Bionic enzymes got a needed boost in speed thanks to new research at the Department of Energy's Lawrence Berkeley National Laboratory (Berkeley Lab). By pairing a noble metal with a natural enzyme, scientists created a hybrid capable of churning out 2,550 product molecules per hour, a frequency comparable to biological counterparts.
The development, to be published in the Oct. 7 issue of the journal Science, represents a major advance for artificial metalloenzymes, which promise to open up a world of beneficial molecular products not currently possible with natural enzymes.
"Our work shows that artificial metalloenzymes can be practical and not just a cool curiosity," said study principal investigator John Hartwig, senior faculty scientist at Berkeley Lab's Chemical Sciences Division.
Earlier this year, Hartwig and his lab published a study in which they replaced the iron in the muscle protein myoglobin with iridium, a noble metal not found in living organisms. They demonstrated that the resulting hybrid is an enzyme that catalyzes a chemical reaction that no natural enzyme catalyzes.
The researchers chose myoglobin for that study because it is a well-studied protein that is easy to manipulate. It was an important proof of concept, but a key drawback was the new bionic enzyme's relatively slow reaction speed, which was about one-one thousandth the speed of typical natural enzymes.
"The artificial metalloenzymes we created made reactions occur faster than if the enzymes weren't there at all, but the rates were still much slower than those of natural enzymes," said Hartwig, who also holds an appointment as a UC Berkeley professor of chemistry.
As the need for speed is key in enzymatic reactions, the researchers switched the biological component from myoglobin to CYP119, part of a family of common enzymes called cytochrome P450, or CYPs. CYP proteins bind iron inside the organic molecule porphyrin and catalyze reactions of large and small organic molecules with oxygen, whereas myoglobin has evolved to simply bind oxygen.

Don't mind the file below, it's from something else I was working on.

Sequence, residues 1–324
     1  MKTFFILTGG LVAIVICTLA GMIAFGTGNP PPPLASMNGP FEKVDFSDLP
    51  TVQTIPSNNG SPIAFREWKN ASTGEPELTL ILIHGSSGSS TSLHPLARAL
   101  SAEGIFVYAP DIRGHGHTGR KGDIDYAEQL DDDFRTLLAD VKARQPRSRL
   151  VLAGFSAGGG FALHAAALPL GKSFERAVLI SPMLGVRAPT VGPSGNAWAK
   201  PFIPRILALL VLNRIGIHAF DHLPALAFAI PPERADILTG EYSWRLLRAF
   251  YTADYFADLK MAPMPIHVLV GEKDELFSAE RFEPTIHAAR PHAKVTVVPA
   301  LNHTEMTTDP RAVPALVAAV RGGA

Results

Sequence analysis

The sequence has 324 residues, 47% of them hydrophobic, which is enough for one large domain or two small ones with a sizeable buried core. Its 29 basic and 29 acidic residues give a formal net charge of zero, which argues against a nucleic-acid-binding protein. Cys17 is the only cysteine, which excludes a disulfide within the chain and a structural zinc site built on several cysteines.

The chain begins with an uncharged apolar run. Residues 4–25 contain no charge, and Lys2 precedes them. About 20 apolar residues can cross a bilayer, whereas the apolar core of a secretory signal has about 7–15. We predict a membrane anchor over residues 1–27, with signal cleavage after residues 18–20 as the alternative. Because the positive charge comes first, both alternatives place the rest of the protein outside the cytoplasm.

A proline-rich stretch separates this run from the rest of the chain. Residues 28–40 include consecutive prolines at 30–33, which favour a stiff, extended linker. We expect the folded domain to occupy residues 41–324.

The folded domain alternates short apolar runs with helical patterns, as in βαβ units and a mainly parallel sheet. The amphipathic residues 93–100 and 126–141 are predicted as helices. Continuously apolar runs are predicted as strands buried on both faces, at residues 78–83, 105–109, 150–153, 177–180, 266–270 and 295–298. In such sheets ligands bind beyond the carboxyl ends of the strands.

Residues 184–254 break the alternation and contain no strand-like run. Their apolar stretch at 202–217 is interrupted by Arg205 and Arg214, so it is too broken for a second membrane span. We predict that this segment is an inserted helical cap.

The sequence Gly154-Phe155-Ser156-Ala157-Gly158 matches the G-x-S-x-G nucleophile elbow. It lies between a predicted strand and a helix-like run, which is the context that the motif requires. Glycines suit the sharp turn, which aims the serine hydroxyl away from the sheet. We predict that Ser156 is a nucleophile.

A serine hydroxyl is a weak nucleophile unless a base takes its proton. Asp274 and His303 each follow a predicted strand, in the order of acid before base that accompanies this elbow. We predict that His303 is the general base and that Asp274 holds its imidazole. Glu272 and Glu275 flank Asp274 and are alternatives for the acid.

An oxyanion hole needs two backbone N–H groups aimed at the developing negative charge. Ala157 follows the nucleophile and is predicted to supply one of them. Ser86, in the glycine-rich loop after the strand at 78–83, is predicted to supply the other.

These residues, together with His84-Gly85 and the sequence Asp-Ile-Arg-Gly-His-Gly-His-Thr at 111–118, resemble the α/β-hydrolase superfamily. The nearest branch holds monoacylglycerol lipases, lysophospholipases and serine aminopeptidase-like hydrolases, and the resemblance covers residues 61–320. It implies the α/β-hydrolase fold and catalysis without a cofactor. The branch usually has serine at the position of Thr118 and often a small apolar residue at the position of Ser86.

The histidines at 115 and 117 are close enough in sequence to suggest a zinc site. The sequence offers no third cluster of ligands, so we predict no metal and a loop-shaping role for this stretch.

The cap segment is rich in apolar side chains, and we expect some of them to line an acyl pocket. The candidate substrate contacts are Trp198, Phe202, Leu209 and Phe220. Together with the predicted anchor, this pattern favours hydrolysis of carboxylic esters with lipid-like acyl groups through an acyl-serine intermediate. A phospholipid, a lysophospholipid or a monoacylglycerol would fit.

"Our starting point was an enzyme so that we can more easily emulate the properties of a biological catalyst," said study lead author Hanna Key, who did this work as a UC Berkeley graduate student. "We modified a system that we've reported before so that it better reflects the beneficial properties of an enzyme. The artificial metalloenzyme reflects both the reactivity of iridium metal and the selectivity and speed of a natural enzyme."
Key worked with the other co-lead author of the study, Pawel Dydio, a former Berkeley Lab postdoctoral fellow who is now an assistant professor of chemistry at the University of Strasbourg in France.
They replaced iron porphyrin in the CYP119 enzyme with iridium porphyrin, and tested the resulting reactions catalyzed by the new hybrid. The revved up reaction rates were within an order of magnitude of the median rates for natural enzymes. This puts hybrid enzymes on a more competitive footing when matched up to their natural counterparts.
In addition to speed, the study authors noted other properties of their bionic enzyme that are characteristic of natural enzymes.
"We chose the CYP119 enzymes because they are known for being stable at high temperatures and high pressure, and they can bind large, organic molecules," said Hartwig. "They can also be recycled; the catalyst is not consumed during the chemical reaction, so it can continue to be reused. For every molecule of the enzyme, 35,000 molecules of the product were produced."
Key noted that a major critique of the field of artificial metalloenzymes is that it is not practical.
"Our study is an advance in the practicality of this approach," said Key. "We can really start to exploit the attributes of each component."
The scientists pointed out that among the compounds catalyzed by the new bionic enzyme, there are those considered medicinally active, making them potential candidates for future drug development.
One of the next steps, said Hartwig, is to design the enzyme so that it can assemble within a cell.
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